This photo of her was taken just after she was married and standing on her own in the backyard garden, her gentle smile brings her at once close, so very close, even though she nows seem very far away. I have been writing villanelles for some time now – drawn into the danger of fixing words into a structure while daring to free them, obsessively searching for words that rhyme and resonate with the darkness and light in the world they seek to share, and delighting in small moments of poetic synchroncity with both. But in this moment, the world seems to have lost its balance – time is cruel and memory illnesses are ruthless, both wait for no-one. In need of a different beat, I found the “terzanelle“. A terzanelle is a combination of two Italian derived poems – the terza rima and the villanelle. It has nineteen lines in total, with five triplets and a concluding quatrain. The middle line of each triplet verse is repeated as the third line of the following stanza, and the first and third lines of the initial verse are the second and final lines of the concluding quatrain; thus, seven of the lines are repeated in the poem. A terzanelle has its own complications but the power of repetition it holds seems to fit my yearning to “Remember, love” with Mum and each turn of phrase in “Lynette’s terzanelle” is drawn from my weekly telephone calls with her.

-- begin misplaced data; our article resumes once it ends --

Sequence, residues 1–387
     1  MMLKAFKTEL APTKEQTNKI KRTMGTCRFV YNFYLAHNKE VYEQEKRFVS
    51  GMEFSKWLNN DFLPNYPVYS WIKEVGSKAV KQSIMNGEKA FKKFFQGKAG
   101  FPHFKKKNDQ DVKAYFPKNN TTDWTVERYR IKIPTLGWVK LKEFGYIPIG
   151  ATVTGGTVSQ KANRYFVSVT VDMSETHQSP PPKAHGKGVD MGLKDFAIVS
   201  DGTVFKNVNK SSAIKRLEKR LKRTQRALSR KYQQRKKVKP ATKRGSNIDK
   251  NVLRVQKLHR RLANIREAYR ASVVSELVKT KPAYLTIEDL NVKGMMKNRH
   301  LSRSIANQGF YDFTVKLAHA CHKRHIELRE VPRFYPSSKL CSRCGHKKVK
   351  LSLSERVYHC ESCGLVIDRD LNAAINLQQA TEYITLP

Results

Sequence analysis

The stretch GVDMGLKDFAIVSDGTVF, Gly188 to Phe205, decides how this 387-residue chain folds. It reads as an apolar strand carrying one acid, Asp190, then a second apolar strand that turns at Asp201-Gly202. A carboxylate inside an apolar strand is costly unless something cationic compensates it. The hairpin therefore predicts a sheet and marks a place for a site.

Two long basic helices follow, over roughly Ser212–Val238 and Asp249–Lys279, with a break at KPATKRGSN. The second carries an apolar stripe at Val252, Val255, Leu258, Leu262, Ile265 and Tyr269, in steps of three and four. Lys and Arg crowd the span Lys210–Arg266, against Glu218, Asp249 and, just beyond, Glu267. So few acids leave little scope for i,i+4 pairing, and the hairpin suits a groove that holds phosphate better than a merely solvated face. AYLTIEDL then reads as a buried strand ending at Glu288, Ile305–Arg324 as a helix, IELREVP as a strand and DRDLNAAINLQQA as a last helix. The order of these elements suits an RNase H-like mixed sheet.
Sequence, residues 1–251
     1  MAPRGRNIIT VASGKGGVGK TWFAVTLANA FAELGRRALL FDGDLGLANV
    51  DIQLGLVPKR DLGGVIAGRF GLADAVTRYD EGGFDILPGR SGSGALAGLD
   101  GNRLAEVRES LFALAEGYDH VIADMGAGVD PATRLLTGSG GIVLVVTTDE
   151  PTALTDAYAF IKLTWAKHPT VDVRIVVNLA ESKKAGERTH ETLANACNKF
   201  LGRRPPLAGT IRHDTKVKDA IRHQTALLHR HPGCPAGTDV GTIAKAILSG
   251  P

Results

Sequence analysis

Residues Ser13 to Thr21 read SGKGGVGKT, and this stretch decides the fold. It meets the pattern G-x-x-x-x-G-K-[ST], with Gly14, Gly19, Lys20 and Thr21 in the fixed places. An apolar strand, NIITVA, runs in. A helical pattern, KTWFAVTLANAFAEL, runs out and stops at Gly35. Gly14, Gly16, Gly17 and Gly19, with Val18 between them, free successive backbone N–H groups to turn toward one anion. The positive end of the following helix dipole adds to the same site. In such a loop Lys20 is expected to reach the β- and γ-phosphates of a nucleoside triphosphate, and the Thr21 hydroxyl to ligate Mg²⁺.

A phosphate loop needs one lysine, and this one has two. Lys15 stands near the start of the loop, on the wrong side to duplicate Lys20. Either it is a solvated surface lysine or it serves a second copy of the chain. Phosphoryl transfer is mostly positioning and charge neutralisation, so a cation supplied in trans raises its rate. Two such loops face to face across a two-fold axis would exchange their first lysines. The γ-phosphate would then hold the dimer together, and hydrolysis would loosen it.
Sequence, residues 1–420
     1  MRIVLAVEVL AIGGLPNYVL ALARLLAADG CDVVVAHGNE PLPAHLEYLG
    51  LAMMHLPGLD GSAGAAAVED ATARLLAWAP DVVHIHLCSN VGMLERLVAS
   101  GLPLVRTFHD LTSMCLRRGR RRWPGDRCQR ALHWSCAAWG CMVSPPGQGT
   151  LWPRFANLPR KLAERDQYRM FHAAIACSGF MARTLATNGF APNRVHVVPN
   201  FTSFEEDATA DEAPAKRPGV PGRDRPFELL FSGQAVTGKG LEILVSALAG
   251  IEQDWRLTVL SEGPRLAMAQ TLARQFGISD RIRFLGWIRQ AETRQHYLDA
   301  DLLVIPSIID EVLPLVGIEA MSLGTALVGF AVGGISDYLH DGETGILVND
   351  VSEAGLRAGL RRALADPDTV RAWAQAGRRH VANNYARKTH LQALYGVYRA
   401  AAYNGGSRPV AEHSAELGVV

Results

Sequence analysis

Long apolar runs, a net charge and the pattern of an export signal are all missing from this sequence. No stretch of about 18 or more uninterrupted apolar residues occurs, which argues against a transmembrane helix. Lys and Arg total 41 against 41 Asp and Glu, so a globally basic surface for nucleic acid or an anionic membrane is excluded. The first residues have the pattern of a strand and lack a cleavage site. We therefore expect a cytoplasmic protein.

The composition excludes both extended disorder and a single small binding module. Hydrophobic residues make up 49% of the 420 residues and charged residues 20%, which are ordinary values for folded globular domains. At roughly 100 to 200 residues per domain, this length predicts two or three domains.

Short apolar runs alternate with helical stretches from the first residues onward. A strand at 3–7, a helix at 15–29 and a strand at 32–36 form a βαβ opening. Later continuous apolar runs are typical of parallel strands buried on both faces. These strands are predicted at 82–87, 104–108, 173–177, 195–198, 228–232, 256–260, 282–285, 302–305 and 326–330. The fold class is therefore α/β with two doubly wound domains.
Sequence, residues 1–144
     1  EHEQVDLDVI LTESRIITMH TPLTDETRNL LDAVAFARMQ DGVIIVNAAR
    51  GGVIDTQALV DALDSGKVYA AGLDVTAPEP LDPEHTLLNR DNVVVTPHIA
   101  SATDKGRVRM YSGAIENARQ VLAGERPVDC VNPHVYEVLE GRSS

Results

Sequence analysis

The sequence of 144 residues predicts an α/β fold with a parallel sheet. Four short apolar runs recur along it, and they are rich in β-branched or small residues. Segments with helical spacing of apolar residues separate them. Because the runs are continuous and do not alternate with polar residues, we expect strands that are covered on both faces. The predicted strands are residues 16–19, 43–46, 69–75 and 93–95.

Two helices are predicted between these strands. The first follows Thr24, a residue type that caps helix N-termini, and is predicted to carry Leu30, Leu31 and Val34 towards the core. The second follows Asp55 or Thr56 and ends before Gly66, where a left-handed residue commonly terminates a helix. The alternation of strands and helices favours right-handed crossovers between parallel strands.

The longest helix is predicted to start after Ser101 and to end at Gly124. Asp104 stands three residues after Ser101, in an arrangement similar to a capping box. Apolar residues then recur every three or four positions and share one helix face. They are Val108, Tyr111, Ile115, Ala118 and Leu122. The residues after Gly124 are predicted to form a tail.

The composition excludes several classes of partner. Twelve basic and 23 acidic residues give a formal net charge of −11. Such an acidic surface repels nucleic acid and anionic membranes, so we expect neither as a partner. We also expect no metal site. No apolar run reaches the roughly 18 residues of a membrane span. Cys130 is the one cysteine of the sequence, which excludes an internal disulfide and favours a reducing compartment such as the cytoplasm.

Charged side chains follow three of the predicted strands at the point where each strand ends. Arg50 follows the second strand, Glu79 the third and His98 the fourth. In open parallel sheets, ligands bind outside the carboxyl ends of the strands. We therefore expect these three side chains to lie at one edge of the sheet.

There were moments when our conversations of then and there snapped easily into here and now; but there were others when trying to bring the past into the present was fragile. First a pause and then a soft click as Mum’s hold on her memory began to break. “Can I have a think about it and I’ll call you back?” she would ask. “And, when would you like an answer by love?” And just like that, without warning, there was a hard crack; I am not quite sure whether it was my heart or hers cut asunder by the laughter and anguish that sat precariously in a world of beauty once lived and now loved. Before calling Mum each week, I would turn and re/turn to the question I had in mind several times, thinking and wondering about the kind of recollection it might evoke; and hoping that my questions were kind. Remember, I would remind myself, Mum and I are chatting each week so that she can share her memory of the kind of life she has had and is living. The eleven words I love the most penned by Virginia Woolf’s in A room of one’s own, “For we think back through our mothers if we are women”, sat with me as I thought and wondered about the weekly question, as they do now. I am writing Mum’s story because in thinking and wondering about my own life as a woman in this world, her words in response are lessons of love to remember; and I never want to forget. In sharing her story she is showing us now, and those generations to come, how it is that a woman’s life – a mother’s life – might be lived.